“If any of the Cosmic Ghosts are listening, I ask you to save as many of my people as you can as you destroy the Ascendancy fleet. We’re not in charge, and we’re as susceptible to motivator commands as any human in the Ascendancy.” Continue reading Trees & Shields: Part 35

Trees & Shields: Part 34

Marcus pursed his lips. “There’s no chance that you’re pregnant, right? I mean, you said you’d had that… turned off, but I didn’t even know who you really were at the time, so…”

Kee’s face darkened, but she kept on talking. “I was telling the truth. In our true form, we’re not fertile with humans. I’m not sure you’d even recognize what we do to reproduce as sex, but when we embody ourselves, we have to create something that can connect back to our true selves.

“So we could have reproduced, but if we did, our child would have too much power for your world to handle, and too little to defend itself from the Destroy faction for a long, long time. I’d never risk that.” Continue reading Trees & Shields: Part 34

Trees & Shields: Part 33

Whatever my reservations, it didn’t matter. The bubble expanded to cover the entire battlefield and that included all the troops that had been waiting in the wings and beginning to charge.

Connected to Kee’s not-quite-telepathy, I could sense how far it went—more than one hundred yards away in every direction.

Past the edge, the Xiniti that had promised to show up and help stood, staring at the bubble. Continue reading Trees & Shields: Part 33

Trees & Shields: Part 32

“What I’m asking is probably simple for you—take out the people who are trying to kill us or hide all of us or maybe move us somewhere else? I don’t know. A teleport would be ideal.”

She didn’t say anything but I could feel flickers of her emotions, much as I felt Daniel’s when I was back home. It wasn’t a telepathic connection or maybe it was, but if it was it felt different—bigger—a forty room mansion instead of your standard four bedroom house.

That’s a terrible metaphor, but I don’t have anything better than “bigger.” Continue reading Trees & Shields: Part 32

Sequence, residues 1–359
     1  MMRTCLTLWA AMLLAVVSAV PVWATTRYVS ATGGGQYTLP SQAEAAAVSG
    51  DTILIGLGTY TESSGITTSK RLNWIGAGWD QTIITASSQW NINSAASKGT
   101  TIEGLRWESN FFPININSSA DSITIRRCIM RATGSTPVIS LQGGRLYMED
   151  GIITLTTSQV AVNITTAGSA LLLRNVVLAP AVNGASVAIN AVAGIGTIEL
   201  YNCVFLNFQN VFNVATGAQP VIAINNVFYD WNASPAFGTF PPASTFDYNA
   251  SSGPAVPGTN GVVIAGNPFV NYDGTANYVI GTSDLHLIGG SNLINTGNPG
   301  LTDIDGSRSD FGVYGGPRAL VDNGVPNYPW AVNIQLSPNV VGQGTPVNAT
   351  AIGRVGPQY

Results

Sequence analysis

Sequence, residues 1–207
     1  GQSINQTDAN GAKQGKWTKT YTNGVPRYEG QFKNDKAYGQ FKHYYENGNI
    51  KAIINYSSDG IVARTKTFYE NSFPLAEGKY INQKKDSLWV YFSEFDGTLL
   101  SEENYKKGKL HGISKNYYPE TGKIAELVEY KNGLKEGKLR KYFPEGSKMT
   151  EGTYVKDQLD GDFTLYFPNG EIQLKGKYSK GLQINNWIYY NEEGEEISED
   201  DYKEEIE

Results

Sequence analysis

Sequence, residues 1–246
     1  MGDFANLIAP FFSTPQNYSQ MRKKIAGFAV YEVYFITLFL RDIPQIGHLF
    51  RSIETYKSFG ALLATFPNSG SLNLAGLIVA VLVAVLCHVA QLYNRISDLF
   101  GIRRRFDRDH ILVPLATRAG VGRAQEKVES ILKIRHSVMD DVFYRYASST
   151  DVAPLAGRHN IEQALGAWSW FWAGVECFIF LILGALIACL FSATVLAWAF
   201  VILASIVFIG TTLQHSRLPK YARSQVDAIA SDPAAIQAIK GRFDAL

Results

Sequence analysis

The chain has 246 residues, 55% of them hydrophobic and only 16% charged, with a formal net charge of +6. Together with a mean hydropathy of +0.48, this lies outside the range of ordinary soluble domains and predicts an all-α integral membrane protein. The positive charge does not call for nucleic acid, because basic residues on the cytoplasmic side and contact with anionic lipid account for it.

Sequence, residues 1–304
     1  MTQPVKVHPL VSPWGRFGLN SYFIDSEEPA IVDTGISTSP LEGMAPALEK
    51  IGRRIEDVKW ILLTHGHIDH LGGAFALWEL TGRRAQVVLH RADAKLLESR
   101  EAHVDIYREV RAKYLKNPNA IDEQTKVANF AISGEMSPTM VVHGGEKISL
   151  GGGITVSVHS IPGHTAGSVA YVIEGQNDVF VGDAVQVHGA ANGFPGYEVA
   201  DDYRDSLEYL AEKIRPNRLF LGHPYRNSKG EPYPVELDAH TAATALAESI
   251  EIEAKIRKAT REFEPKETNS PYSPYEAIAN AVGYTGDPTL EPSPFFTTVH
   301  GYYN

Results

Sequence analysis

Trees & Shields: Part 31

Jaclyn couldn’t take them all out, but she tried. She moved too quickly for me to see, but with the Xiniti implant, I processed her movements well enough to notice the blur of where she’d been.

Ordinary people didn’t even notice that and had to rely on the explosion of blood and the way the Ascendancy soldiers’ bodies toppled off their torsos to the ground.

That didn’t mean the Ascendancy soldiers couldn’t hit her though. One of them, an Ascendant Guardmember by the symbol on his chest, shot her in the thigh with a yellow beam.

She tumbled as he twisted to take another shot at her. Continue reading Trees & Shields: Part 31

Trees & Shields: Part 30

It didn’t take long to realize that the leader wasn’t obvious. With implants, you didn’t need to do anything visually to know who was running things. Plus, as my implant informed me, armies had policies for hiding who the officers were.

They didn’t have policies that hid what an aerial view from my bots showed. The colonists may have stalled the charge earlier, but now the army was massing close together. When they rushed us, they weren’t going to stop.

I contacted Crawls-Through-Desert who seemed to be acting as Captain Tolker’s lieutenant or something like it. Continue reading Trees & Shields: Part 30

The Legion of Nothing: A Series of Online Superhero Novels (Updates Monday and Thursday)